[Python-Dev] PEP 0424: A method for exposing a length hint

Antoine Pitrou solipsis at pitrou.net
Sun Jul 15 17:06:28 CEST 2012

On Sun, 15 Jul 2012 16:33:23 +0200
Christian Heimes <lists at cheimes.de> wrote:
> Am 15.07.2012 16:22, schrieb Antoine Pitrou:
> > On Mon, 16 Jul 2012 00:08:41 +1000
> > Nick Coghlan <ncoghlan at gmail.com> wrote:
> >> Right, I agree on the value in being able to return something to say "this
> >> cannot be converted to a concrete container".
> > 
> > Who would be able to return that, apart from trivial cases like
> > itertools.cycle()?
> For example most numerical sequence iterators like Fibonacci generator,
> prime number sequence generator and even trivial cases like even natural
> number generator.

First, you can't implement __length_hint__ for a generator, which is the
preferred (the most practical) way of writing iterators in pure Python.

Second, not all iterators will implement __length_hint__ (because it's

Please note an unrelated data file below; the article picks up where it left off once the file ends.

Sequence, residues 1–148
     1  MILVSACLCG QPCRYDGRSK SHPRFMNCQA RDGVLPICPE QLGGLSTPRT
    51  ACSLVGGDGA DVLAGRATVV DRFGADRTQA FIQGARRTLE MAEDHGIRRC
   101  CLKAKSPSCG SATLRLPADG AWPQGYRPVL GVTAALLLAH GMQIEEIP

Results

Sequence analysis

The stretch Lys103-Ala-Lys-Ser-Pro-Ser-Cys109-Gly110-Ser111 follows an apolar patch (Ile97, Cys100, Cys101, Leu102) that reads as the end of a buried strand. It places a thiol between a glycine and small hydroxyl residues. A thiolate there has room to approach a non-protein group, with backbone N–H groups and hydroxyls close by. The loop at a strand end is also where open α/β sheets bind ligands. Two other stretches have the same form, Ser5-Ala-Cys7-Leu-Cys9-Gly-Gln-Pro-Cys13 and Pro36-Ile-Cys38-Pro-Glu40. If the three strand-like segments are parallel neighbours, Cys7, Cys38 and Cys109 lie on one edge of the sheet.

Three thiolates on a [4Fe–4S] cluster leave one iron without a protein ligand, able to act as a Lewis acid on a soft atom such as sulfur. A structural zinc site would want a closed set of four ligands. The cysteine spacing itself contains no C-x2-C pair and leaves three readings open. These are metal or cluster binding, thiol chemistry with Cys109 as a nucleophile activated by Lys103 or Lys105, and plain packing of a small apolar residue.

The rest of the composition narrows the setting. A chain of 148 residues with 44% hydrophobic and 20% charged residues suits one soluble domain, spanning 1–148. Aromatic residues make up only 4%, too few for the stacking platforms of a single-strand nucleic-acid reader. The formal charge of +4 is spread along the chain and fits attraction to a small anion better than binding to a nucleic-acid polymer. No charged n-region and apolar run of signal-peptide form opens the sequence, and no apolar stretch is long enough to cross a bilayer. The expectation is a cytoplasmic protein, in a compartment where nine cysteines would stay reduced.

optional and, really, of rather little use). So, as a user, you cannot
hope that `list(some_iterator)` will always raise instead of filling
your memory with an infinite stream of values: you have to be careful

Even if __length_hint__ is implemented, its result may be wrong.
That's the whole point: it's a *hint*; an iterator might tell you it's
finite while it's infinite, or the reverse.

My conclusion is that an infinite iterator is a documentation issue.
Just tell the user that it doesn't stop, and let them shoot themselves
in the foot in they want to.



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